This post has nothing to do with the State of Ohio or a tree. Rather, in this case, buckeye, common buckeye or “the buckeye” refers to a colorful butterfly.
There are over a hundred species of buckeyes throughout the world, however, only one is common in North America – Junonia coenia. A variable species, buckeye butterflies colonize most of the United States and Southern Canada with the exception of the northwest. Some adults from the first spring broods in the south migrate north in the summer and adults from late summer broods return to the southern states as temperatures cool. In certain areas of the south, Florida for example, buckeyes fly and brood all year. In other southern regions adults or caterpillars overwinter.
Buckeyes are brown butterflies with six eye-spots – one on each of the fore wings and two on each hind wing. The eye-spots are thought to startle or distract predators, especially young inexperienced birds. Each fore wing has two orange bars and a white band, parts of which appear around the largest eye spot. The hind wings have orange submarginal bands. The undersides of the hind wings are lighter in summer and take on a rosy hue in the late fall and winter.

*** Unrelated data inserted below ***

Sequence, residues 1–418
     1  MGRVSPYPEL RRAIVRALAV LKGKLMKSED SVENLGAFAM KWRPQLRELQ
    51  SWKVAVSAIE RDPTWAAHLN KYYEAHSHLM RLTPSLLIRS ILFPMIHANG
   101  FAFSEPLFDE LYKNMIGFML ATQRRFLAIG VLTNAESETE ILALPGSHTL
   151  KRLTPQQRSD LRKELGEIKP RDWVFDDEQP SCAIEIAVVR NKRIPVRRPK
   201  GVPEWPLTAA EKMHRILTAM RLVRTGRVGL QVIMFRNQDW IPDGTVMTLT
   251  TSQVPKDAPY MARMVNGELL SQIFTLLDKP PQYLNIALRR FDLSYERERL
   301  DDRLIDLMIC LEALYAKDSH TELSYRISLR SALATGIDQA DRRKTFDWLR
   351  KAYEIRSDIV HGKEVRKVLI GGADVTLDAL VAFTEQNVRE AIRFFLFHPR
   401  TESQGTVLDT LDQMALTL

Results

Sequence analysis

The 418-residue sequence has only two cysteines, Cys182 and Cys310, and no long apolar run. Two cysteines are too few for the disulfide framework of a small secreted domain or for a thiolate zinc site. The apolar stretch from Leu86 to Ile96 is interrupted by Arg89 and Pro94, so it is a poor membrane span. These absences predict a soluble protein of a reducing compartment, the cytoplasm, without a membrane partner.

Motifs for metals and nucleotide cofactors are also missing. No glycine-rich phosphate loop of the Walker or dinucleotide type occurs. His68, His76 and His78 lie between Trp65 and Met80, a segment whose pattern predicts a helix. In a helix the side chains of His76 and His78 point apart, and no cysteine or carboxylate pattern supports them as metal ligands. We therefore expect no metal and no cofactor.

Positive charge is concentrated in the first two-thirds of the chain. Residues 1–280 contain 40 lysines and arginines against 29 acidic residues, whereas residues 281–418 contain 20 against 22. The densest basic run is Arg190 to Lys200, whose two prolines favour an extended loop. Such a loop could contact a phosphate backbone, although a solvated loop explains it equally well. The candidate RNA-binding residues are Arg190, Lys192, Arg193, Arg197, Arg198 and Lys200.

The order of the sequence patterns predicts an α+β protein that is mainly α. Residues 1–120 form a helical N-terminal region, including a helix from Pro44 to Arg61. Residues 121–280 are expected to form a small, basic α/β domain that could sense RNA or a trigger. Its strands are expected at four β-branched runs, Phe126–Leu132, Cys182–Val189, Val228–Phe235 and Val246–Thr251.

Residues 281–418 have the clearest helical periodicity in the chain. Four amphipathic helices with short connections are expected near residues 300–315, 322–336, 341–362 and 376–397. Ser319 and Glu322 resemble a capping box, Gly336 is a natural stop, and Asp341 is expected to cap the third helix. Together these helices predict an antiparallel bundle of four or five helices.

The female buckeye lays single green eggs on the buds or upper sides of host plant leaves. The spiny white and black caterpillars have orange heads and feed on a variety of plants, one primary host being plantain. The adults, which live for about two weeks, suck nectar from flowers and fruits.
Buckeyes are found in sunny areas with low vegetation and some bare ground – open fields, desert washes, thin brush.
These buckeyes were photographed along Ash Creek near the Lower Campground (Lassen County CA).